The 20th-century port
|Edwardian port in crisis|
Port in trouble
Competition between them had always been fierce, but in the twenty years before 1900 it had become a cut-throat affair as they desperately tried to attract shipping into their docks.
Competition between the dock companies and the wharfingers (wharf owners) was also fierce. The wharfingers could undercut the rates charged in the docks.
Trouble with lighters
Most of the goods went into lighters and were transferred to the wharves or directly to customers. The large number of lighters added greatly to the congestion in the river. It was also a slow way of moving goods and held up deliveries.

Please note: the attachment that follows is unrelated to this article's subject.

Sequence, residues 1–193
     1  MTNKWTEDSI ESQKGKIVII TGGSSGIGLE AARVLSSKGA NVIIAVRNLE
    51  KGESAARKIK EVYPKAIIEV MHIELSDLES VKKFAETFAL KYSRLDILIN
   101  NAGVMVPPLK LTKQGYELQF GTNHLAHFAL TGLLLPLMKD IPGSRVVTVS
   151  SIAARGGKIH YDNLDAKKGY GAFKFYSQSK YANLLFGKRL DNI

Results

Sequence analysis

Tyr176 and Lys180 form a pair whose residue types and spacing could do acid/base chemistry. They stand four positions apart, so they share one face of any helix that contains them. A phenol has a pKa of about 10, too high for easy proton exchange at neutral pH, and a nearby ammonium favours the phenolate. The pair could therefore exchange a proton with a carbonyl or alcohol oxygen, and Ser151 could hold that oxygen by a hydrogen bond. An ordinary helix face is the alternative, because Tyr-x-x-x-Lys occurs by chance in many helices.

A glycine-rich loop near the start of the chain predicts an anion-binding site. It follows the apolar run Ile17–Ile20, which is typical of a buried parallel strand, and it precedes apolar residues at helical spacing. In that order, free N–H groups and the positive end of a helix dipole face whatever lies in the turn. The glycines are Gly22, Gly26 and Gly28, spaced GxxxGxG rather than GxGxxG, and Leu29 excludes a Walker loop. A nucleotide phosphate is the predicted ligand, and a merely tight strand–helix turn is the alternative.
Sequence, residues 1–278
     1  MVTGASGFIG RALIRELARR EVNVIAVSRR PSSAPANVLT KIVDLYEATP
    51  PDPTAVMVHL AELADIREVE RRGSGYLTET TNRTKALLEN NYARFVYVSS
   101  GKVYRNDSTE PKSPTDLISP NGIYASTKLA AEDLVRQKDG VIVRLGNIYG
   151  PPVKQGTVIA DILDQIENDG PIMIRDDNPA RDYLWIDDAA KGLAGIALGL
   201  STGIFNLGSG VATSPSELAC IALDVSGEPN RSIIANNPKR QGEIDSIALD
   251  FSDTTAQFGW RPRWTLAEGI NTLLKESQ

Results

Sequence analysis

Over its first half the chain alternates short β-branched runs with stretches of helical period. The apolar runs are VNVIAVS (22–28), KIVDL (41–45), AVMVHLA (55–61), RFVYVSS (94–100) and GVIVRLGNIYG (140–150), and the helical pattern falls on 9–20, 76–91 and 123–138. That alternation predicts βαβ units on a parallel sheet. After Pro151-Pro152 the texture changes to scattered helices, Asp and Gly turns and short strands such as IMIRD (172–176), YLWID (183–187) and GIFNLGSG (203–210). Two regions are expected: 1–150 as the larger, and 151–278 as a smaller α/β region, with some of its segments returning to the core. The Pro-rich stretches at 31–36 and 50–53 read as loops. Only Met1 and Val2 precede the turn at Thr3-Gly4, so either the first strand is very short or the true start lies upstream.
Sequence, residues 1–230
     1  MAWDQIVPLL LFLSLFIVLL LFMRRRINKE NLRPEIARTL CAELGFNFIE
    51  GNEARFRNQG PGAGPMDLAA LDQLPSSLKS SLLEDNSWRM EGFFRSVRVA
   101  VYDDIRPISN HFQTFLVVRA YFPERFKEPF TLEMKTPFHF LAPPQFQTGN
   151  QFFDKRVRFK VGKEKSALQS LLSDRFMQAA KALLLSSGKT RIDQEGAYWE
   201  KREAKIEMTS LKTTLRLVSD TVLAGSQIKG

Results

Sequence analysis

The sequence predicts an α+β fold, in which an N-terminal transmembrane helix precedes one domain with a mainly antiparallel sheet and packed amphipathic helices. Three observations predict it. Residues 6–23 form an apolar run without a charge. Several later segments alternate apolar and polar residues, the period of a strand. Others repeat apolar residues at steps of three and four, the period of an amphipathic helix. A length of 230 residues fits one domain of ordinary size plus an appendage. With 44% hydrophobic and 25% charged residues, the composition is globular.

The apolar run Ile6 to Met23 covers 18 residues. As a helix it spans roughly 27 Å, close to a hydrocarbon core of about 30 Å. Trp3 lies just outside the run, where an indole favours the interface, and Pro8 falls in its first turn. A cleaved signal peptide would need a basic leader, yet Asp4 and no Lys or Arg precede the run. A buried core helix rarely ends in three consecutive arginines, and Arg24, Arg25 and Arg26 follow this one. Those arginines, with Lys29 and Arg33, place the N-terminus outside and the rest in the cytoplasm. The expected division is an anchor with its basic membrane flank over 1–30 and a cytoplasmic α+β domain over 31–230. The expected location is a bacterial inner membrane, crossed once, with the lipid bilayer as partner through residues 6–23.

Time for a change
The main river channel was not deep enough and large ships had great difficulty moving in the Thames. Unfortunately, the sharing of authority among several organisations prevented these changes from happening.
Port of London Authority
Once they had identified the main problems, their job was to suggest how these could be overcome and how the port should develop.
The Commission decided that co-ordinated control of the port was necessary. In 1902 it published a report recommending a central authority. In 1909 the Port of London Authority (PLA) was set up.
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